The Museum of Modern Art (MoMA) in New York can look back on 2014 with pride in terms of its programming (although, after its much-criticised Bjork show, 2015 may be different). Last year, it presented eight out of the top ten shows in the city. In 2013, it had “only” five in the top ten. Looking at a larger number of exhibitions, MoMA’s pre-eminence is underlined by the fact that it staged 21 of the 30 most-visited shows in New York last year. At the top of the list is “Magritte: the Mystery of the Ordinary”, which was seen by around 6,100 visitors a day. For all the hoopla surrounding the Koons retrospective at the Whitney, the exhibition was only the tenth most visited show in the city (3,869 visitors a day)—four visitors a day ahead of “Italian Futurism” at the Solomon R. Guggenheim Museum, but attracting fewer than Lygia Clark at MoMA (3,960). The Metropolitan Museum of Art’s revamped and expanded costume galleries, relaunched with a Charles James fashion show (and the blessing of the First Lady, Michelle Obama, who cut the ribbon), provided the museum’s only show in the top ten in the city; in 2013, it had three.
Van Gogh a safe bet
Works that had travelled abroad on a lucrative tour returned to Paris for the Musée Picasso’s belated but triumphant reopening at the end of 2014, which might explain the conspicuous absence of the Spanish artist’s name from the top 15 shows in the US, Europe and beyond last year. Georges Braque, a co-pioneer of Cubism, was the toast of the Grand Palais in Paris (4,856 visitors a day).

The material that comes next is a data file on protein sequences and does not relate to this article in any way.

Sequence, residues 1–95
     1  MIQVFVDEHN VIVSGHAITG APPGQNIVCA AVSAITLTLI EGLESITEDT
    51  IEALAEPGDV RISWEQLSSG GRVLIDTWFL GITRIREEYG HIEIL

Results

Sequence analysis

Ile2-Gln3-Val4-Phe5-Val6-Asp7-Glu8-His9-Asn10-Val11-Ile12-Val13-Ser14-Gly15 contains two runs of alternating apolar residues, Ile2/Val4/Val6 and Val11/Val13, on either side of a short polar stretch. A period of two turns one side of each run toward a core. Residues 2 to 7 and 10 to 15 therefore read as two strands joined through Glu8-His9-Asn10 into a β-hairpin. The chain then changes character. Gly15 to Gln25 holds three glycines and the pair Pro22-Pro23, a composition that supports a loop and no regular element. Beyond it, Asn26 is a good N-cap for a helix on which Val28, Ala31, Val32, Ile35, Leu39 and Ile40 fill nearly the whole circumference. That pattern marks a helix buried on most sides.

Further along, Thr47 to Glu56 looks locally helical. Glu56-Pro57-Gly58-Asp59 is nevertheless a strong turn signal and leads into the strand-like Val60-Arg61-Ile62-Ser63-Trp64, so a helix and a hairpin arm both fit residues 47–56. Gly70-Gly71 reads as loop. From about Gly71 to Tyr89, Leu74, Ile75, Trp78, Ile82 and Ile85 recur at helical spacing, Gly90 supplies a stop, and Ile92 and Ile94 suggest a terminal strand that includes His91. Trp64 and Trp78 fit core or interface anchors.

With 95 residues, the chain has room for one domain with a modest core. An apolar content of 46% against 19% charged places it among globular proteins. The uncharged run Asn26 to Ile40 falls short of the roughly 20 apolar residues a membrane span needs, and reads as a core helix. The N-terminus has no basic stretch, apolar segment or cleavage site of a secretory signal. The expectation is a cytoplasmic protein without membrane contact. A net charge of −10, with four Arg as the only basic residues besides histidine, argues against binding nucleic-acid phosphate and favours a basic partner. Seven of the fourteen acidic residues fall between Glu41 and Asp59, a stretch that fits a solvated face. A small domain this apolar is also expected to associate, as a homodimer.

Van Gogh can always be relied on at the box office. The most visited show in Paris, which also features in the top 15 worldwide, was organised by the Musée d’Orsay. “Van Gogh/Artaud”, which featured the museum’s most famous and lesser-known works, was presented dramatically (a soundtrack included shrieks). The artist’s troubled life and works were interpreted through the writings of the poet and playwright Antonin Artaud. The artist and writer both spent time in asylums.
Imps and Mods
An institution seeking a surfeit of visitors cannot go wrong with French Impressionism. A loan show of 84 works from the Musée d’Orsay drew admiring crowds to the National Art Center Tokyo (7,547 visitors a day), putting it in the top 15 shows worldwide. Henri Matisse flew the flag for French Modern art: a show of his cut-outs opened at Tate Modern and provided the gallery with London’s best-attended charging exhibition, and with a record 562,622 visitors overall, helped by a nearly five-month-long run. The show was co-organised by MoMA, where it closed in February. The figures for the New York leg will appear in our 2015 survey.
For all the investment in new cultural venues and the revamping of older art museums in regional cities in the UK, there has been no change in the dominance of London-based venues. The only exhibition outside London to feature in the top 30 shows in the UK is “Mondrian and Colour” at the four-year-old Turner Contemporary in Margate. Featuring loans from the Gemeentemuseum Den Haag, among others, it coincided with Tate Liverpool’s “Mondrian and His Studio”. But although 1,471 visitors a day went to see Mondrian in Margate, only 306 people a day went in Liverpool.
Museums in the top ten